Stickybits, The QR Killer

Image by Chiara Marra

I’ve seen what I believe is one of the most exciting ‘AR’ technologies this year. Forget inhabitable Google maps and virtual skies (well, don’t forget them, but put them in the box marked ‘gadgets’). Stickybits lets people attach digital content to real world barcodes.

Yes, your everyday barcode. QR codes have been around for over a decade but they fall short on two counts:

  1. Reading a QR code requires you to install an application on your phone. Everyone who touts this service points to its popularity in Japan, but omits to mention that NTT Docomo, with its near monopoly on the Japanese market, can ensure QR readers are installed at base.
  2. QR codes offer little more than advertising content (which shouldn’t need me to install something). I’ve seen more than a hundred propositions that seek to use the QR code and pretty much every one of them goes along the lines of “put this code on a poster and an advertiser brand can send punters extra content”. Screw whether the punters want it, it plays to the more arrogant brand managers who see their world as the be-all of their customer’s lives.

But Stickybits is much, much more interesting.

  • Not sure whether this tin of tuna is cruelty free? Scan the barcode and look up the Greenpeace report.
  • Need to see if this book is suitable as a present for your father? See what other people of his age say about it.
  • Can’t choose between wines? See what other people say will go well with your dinner tonight.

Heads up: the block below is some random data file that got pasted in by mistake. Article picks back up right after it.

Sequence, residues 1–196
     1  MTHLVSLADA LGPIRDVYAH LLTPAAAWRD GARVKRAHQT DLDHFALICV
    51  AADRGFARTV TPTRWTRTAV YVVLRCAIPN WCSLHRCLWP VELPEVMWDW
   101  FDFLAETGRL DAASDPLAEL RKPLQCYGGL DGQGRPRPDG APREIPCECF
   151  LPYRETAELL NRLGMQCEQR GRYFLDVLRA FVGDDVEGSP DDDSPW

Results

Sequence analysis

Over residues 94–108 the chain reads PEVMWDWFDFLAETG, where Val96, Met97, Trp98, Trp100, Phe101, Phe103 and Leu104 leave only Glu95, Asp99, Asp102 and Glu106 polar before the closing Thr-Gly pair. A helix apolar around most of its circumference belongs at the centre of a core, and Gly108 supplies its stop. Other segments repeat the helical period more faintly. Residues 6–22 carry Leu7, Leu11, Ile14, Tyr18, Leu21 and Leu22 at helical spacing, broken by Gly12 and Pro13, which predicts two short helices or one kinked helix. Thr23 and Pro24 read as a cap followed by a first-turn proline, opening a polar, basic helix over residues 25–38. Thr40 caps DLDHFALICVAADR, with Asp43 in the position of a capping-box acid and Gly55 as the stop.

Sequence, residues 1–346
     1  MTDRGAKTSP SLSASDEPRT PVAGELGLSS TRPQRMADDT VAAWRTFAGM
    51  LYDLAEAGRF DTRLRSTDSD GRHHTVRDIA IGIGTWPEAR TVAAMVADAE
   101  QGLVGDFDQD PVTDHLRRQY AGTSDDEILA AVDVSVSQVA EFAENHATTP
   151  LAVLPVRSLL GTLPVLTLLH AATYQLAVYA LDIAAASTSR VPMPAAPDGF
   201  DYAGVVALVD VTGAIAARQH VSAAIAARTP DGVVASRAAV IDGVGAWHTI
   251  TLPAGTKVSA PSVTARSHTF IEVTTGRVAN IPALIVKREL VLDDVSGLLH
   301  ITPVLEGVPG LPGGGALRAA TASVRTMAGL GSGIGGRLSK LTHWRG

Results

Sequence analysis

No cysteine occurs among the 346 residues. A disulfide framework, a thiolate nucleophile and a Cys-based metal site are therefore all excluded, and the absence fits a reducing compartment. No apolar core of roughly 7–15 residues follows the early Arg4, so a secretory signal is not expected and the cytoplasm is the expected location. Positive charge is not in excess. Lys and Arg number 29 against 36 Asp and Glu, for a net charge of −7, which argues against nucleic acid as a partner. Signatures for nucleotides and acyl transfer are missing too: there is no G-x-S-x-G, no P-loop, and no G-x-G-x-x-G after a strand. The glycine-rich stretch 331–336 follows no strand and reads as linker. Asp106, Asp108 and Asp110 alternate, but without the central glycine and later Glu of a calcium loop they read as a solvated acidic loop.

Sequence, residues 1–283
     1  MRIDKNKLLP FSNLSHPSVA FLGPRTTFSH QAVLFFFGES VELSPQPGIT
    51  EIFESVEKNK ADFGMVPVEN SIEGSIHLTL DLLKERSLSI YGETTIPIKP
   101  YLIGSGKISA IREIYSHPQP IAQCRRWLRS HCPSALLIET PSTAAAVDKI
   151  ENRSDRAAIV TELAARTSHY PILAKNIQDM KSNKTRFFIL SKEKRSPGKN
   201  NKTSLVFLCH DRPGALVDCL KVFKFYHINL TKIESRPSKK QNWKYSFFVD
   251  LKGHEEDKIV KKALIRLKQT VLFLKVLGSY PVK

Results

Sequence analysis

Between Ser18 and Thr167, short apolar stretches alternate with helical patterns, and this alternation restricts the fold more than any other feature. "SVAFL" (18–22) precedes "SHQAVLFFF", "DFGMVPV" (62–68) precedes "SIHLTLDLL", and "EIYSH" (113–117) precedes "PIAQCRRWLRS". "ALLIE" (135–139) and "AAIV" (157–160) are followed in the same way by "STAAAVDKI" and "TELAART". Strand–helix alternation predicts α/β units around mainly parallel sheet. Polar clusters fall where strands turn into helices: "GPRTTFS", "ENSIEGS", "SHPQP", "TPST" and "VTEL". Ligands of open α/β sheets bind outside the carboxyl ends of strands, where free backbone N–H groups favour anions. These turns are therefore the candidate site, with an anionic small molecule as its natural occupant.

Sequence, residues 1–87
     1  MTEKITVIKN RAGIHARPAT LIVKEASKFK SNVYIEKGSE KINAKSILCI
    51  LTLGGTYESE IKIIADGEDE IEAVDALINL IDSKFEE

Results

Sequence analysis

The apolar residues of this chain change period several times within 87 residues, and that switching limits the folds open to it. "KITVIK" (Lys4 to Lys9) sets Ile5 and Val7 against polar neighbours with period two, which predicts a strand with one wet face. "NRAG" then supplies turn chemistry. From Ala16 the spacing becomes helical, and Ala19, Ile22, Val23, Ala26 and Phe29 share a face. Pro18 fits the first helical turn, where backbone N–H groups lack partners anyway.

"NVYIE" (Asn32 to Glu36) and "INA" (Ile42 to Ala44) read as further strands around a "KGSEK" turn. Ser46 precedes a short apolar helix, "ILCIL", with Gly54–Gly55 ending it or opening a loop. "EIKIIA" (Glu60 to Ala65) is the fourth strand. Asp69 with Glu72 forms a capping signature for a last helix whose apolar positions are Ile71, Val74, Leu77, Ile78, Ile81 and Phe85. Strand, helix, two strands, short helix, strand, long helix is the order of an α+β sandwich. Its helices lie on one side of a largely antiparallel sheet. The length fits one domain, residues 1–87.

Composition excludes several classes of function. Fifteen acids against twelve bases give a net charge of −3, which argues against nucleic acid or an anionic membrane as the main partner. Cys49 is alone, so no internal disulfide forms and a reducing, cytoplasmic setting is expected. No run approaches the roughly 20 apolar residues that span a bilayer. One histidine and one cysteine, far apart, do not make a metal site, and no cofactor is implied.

• Don’t know how to assemble the Welsh dresser you bought from Ikea? Watch a how-to video.
  • Want to know what you can cook with these Shitake mushrooms? Scan the barcode and grab some recipes.

Okay, so those last two were straight marketing activations, but they ride on the back of people’s engagement with your product, rather than assuming that the only reason anyone would scan for more info is to be a part of your marketing world.

What differentiates Stickybits from QR (and the half-dozen other similar services) is that it empowers the 1% of the population who likes to get actively involved in sharing their opinions. For people who like logging the world around them, this is going to be a great toy.

And everyone else can soak up these opinions and use them to help form their own decisions.

I tried this as an iPhone app. It pops up the camera window and asks you to align the barcode in the guides. The app automatically recognises it’s a barcode and scans it in.

If someone else has tagged content to this barcode, it shows me the list and lets me browse. I’m also asked if I want to attach my own photos, videos, audio, or comments to the barcode. That done, I can tag it with a shout to Foursquare, Facebook, or Twitter.

Real world social tools. Luvvit.

For some examples of how companies like Facebook and Starbucks plan to use QR, check out Facebook’s QR Code Leaks Linked to ‘Checking In’ on the excellent Mobile Barcode Innovation Center blog.

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About Morgan Holt

Morgan Holt is senior strategist at Wolff Olins, the global game-changing brand consultancy. He is also chairman of the Branded Content Marketing Association, and a non-executive director of CN Media Group.

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